A child's chest bone, as well as surrounding bones, begins forming almost immediately after conception. In most cases, nature takes its course and a baby's chest bone forms normally on its own. In a small number of cases, something goes wrong, and the chest bone doesn't form the way it's supposed to, and that can cause certain chest deformities.
Prenatal Chest Bone Development
A baby's bones begin developing three weeks after conception, according to the Encyclopedia of Children's Health website. By the seventh week after conception, all 206 of a baby's bones are formed, though they are still quite soft and won't fully harden until after birth. In certain instances, the bones of the chest don't form the way they're supposed to, though there isn't usually a specific cause that doctors can pinpoint. According to a 2002 article published in the radiology journal "RadioGraphics," abnormal development can occur if an incorrect number of bones form, if the bones are the wrong shape or size or if the bones aren't properly mineralized, but it usually isn't possible to determine exactly why these things happen.
Chest Bone Development After Birth
After a baby is born, his bones continue to harden, which is a process called ossification. The bones in the chest are referred to as flat bones, according to the Encyclopedia of Children's Health website. These flat bones harden through a specific process called intramembranous ossification, which occurs when connective tissue forms around the bones. As this happens, the chest bones become stronger and harder. When the bones go through further growth, it's possible for an abnormality to occur, which can lead to certain chest bone conditions.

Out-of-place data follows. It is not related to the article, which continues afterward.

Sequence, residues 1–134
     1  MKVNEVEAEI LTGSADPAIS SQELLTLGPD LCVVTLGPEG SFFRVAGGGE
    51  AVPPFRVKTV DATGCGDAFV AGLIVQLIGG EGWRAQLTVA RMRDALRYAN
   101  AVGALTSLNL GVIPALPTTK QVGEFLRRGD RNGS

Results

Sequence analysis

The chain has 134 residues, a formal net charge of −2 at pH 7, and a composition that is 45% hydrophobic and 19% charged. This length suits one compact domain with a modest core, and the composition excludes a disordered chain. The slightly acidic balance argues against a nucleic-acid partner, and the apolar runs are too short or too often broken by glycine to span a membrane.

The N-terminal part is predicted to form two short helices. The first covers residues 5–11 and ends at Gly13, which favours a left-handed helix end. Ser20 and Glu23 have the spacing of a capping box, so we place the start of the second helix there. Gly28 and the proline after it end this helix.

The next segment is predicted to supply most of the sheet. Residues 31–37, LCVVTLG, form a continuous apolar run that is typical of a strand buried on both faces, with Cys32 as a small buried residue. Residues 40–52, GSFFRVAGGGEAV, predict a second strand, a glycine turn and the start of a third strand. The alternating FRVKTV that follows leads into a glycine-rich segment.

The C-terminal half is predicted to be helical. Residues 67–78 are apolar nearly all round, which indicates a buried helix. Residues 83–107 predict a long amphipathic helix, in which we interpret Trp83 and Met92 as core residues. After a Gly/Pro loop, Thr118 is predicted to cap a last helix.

There are two primary conditions that can occur when the chest bones don't develop properly. Pectus carinatum, or pigeon chest, occurs when the sternum and ribs stick out from the chest, causing it to bow out, according to Seattle Children's Hospital. The condition develops when there's a defect in the cartilage holding the ribs to the sternum. Pectus excavatum, or funnel chest, occurs when the breastbone sinks back into the chest. The causes of pectus excavatum aren't known, but it can run in families, according to MayoClinic.com.
Improper chest development can cause other health problems, according to the Boston Children's Hospital. Children with pectus carinatum often wear a brace designed to press the bones back where they're supposed to be. A doctor might recommend a brace because the condition can make it more difficult for a child to play and exercise normally, and it might also cause tenderness and pain in the chest area. Pectus excavatum can make it more difficult for a child to breathe normally when being active and can increase the chances of developing respiratory illnesses such as pneumonia. Pectus excavatum can also impact the function of the heart and lungs, according to MayoClinic.com. In instances of a severe deformity from either condition, surgery is often required to correct the shape of the chest wall. Prognosis after surgery is excellent for the vast majority of children, the Boston Children's Hospital notes.